President Donald Trump’s travel ban, which has now been suspended, has impacted the lives of thousands.
Of the many people who were held at various airports in the U.S., was an American-born NASA scientist, Sidd Bikkannavar.
On Jan 30, Bikkannavar who was returning from Santiago, Chile, was pulled aside by Customs and Border Protection officers at the George Bush Intercontinental Airport in Houston, Texas, and asked to turn in his phone along with its PIN code.
“I was cautiously telling him I wasn’t allowed to give it out, because I didn’t want to seem like I was not cooperating. I told him I’m not really allowed to give the passcode; I have to protect access. But he insisted they had the authority to search it,” Bikkannavar revealed in an interview with The Verge.
The scientist was not expecting this since he is part of Global Entry, a U.S. Customs and Border Protection (CBP) program that allows expedited clearance for "pre-approved, low-risk travelers."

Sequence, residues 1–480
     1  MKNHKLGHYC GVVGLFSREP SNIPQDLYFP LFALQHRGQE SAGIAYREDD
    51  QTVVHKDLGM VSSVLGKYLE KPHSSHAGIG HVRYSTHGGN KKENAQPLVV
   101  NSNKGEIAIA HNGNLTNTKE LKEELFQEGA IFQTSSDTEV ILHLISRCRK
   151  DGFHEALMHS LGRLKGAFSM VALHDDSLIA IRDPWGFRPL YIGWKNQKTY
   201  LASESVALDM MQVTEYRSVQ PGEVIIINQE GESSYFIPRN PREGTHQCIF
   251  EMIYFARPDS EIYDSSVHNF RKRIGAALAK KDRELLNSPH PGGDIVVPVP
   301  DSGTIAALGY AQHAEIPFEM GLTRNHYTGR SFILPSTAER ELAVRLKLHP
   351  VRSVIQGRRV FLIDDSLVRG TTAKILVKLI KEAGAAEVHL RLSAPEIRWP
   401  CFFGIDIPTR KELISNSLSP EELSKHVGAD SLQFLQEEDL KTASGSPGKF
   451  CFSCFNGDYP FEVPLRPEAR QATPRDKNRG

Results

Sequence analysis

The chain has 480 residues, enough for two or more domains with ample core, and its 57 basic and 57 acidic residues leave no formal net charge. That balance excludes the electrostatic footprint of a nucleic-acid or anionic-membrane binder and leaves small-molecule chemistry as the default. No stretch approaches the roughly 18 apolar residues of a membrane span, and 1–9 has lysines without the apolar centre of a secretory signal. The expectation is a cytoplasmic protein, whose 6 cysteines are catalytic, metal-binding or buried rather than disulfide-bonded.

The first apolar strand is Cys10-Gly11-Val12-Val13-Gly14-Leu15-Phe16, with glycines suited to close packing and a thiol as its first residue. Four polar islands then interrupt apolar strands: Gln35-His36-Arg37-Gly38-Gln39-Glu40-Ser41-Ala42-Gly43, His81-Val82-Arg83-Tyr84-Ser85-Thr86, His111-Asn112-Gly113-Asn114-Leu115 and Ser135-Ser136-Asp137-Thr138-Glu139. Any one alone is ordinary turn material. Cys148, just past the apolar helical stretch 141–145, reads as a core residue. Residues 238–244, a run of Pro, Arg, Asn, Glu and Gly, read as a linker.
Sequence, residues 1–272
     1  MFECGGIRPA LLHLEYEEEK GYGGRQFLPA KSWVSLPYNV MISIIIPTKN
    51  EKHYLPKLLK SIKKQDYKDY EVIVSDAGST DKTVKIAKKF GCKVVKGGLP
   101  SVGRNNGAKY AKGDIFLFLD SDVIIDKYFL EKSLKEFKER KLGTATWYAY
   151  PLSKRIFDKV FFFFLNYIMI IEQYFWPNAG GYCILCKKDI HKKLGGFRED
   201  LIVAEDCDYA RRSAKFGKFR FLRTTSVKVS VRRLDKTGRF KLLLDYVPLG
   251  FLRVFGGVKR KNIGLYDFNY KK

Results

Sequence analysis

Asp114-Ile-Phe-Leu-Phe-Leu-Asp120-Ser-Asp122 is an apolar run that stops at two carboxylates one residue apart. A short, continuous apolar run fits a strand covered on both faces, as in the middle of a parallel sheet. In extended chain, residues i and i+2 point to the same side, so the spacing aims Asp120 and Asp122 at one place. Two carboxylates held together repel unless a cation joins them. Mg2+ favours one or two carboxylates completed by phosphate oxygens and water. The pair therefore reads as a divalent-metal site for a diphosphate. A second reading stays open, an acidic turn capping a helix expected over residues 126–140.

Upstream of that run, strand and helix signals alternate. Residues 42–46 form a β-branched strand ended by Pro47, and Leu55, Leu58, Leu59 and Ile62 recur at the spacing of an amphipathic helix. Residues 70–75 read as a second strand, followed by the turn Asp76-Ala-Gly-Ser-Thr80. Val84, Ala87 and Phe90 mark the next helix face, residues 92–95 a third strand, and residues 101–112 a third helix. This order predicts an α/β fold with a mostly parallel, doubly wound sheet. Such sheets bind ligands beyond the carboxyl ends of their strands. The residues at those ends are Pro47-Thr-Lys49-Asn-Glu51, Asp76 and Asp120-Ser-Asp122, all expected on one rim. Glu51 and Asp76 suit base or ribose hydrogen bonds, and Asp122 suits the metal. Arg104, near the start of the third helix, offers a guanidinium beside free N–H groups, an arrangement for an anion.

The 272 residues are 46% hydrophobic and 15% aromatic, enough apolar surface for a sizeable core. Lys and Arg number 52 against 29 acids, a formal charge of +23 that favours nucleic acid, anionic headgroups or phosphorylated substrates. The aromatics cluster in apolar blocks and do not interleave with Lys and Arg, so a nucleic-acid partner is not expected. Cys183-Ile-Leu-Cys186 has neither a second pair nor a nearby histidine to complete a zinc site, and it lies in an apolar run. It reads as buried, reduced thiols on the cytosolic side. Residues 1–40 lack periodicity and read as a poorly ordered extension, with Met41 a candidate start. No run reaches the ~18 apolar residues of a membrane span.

Bikkannavar, who is an employee of NASA’s Jet Propulsion Laboratory, surrendered his cellular device and password, after which he was sent to a holding area where other detainees were present. His phone was later returned and he was allowed to continue his journey home.
The scientist has now been issued a new phone by JPL, since the organization is unsure of whether border officials took any data from his device or installed anything in his phone that may hamper the privacy of information.
Why Bikkannavar was held at the airport and asked to turn in his phone remains an unanswered question as of yet. He had not visited any of the seven countries on Trump’s travel ban, and neither did he indulge in any suspicious activities.
Banner/thumbnail credit: Reuters